CLP’s earnings before interest, taxes, depreciation and amortization, or Ebitda, is now 3.5 times its interest expenses, ranking it among the top 9 percent of the companies included in Hong Kong’s Hang Seng stock index, according to data compiled by Bloomberg. Moody’s Investors Service reaffirmed its A2 credit rating, the sixth-highest investment grade, on the company in March. CLP’s wind energy projects in India are performing as expected and it sees output rising to 1,000 megawatts by the end of 2014, according to its interim report.

Wind Power

Wind energy generation in India is set to recover this year, following a record 42 percent drop in installations in the 12 months through March, after the government reintroduced a cash incentive in August. Asia’s third-largest economy, which is fighting blackouts that hold back growth, is seeking to cut dependence on imported fossil fuels and double clean energy capacity to about 59 gigawatts by 2017. Wind capacity may increase to 2,300 megawatts in 2014, according to BNEF.

The country’s 10 largest wind-power developers, including Mytrah, Green Infra Ltd. and Goldman Sachs Group Inc.-backed ReNew Wind Power Pvt., have plans to put up 15,000 megawatts of capacity in the next 10 years. Goldman and Morgan Stanley (MS:US) have led about $1.1 billion of private-equity buyouts, project and company acquisitions in the industry since 2010 as the cost of generating electricity from windmills has become lower in some states than from new coal-based power plants.

The nation’s wind industry will require 1.4 trillion rupees ($23 billion) of investment by 2020 in order to meet its targets, Sanjay Chakrabarti, a Mumbai-based partner at Ernst & Young LLP, said in an Oct. 4 e-mail.

Going Mainstream

“We’re getting to the point where renewables are becoming mainstream in India,” Sumant Sinha, chief executive officer of ReNew Wind based in Gurgaon near New Delhi, said in a telephone interview on Sept. 19. “The advantage of renewables is that you know what the cost is going to be forever. Who knows what will happen to coal prices in 25 years?”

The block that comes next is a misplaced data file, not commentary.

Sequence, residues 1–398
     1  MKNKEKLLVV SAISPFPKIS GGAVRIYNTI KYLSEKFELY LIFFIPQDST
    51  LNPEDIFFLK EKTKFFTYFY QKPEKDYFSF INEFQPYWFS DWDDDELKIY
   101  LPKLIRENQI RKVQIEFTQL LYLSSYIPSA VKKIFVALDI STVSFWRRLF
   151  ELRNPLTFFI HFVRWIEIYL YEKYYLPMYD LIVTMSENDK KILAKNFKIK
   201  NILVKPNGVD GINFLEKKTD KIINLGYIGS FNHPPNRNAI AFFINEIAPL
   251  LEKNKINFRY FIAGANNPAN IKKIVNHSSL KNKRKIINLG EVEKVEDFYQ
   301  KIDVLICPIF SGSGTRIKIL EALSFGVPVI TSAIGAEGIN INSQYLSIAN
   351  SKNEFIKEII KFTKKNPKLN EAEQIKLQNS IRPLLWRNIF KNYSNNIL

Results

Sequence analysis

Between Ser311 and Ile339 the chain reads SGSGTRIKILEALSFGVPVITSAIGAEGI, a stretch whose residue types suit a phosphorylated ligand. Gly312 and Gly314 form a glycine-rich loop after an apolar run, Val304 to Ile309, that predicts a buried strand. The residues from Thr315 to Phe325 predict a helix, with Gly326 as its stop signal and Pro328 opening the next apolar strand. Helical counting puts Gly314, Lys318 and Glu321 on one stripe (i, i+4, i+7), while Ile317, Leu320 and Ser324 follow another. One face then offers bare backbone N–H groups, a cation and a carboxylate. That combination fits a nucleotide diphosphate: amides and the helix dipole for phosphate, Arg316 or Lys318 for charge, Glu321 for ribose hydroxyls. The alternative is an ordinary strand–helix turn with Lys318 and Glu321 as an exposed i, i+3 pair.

India’s cabinet in August approved the proposal to revive the generation-based incentive of 500 rupees a megawatt-hour and also agreed to raise the cap on the total subsidy a wind-based power producer can claim over 10 years by 61 percent to 10 million rupees. Farms built between 2012 and 2017 will be eligible for the subsidy, Ministry of New and Renewable Energy Joint Secretary Alok Srivastava said Aug. 13.

CLP’s bond-sale plan comes as the risk on Indian debt eases. Credit-default swaps insuring the bonds of State Bank of India, a proxy for the sovereign, against non-payment for five years have fallen 60 basis points from a 14-month high of 372 on Aug. 20, according to data provider CMA. The yield on the 7.16 percent government notes due 2023 fell one basis point, or 0.01 percentage point, today, while the rupee weakened 0.6 percent to 61.83 per dollar.

“Pool financing will help CLP raise funds more quickly and reduce borrowing costs,” Shantanu Jaiswal, a New Delhi-based wind energy analyst for BNEF, said in a Sept. 24 e-mail. “This would definitely be new in India. This is a signal of a maturing wind market that is adopting global best practices and innovating on existing financing structures.”

To contact the reporter on this story: Natalie Obiko Pearson in Mumbai at npearson7@bloomberg.net

To contact the editor responsible for this story: Sandy Hendry at shendry@bloomberg.net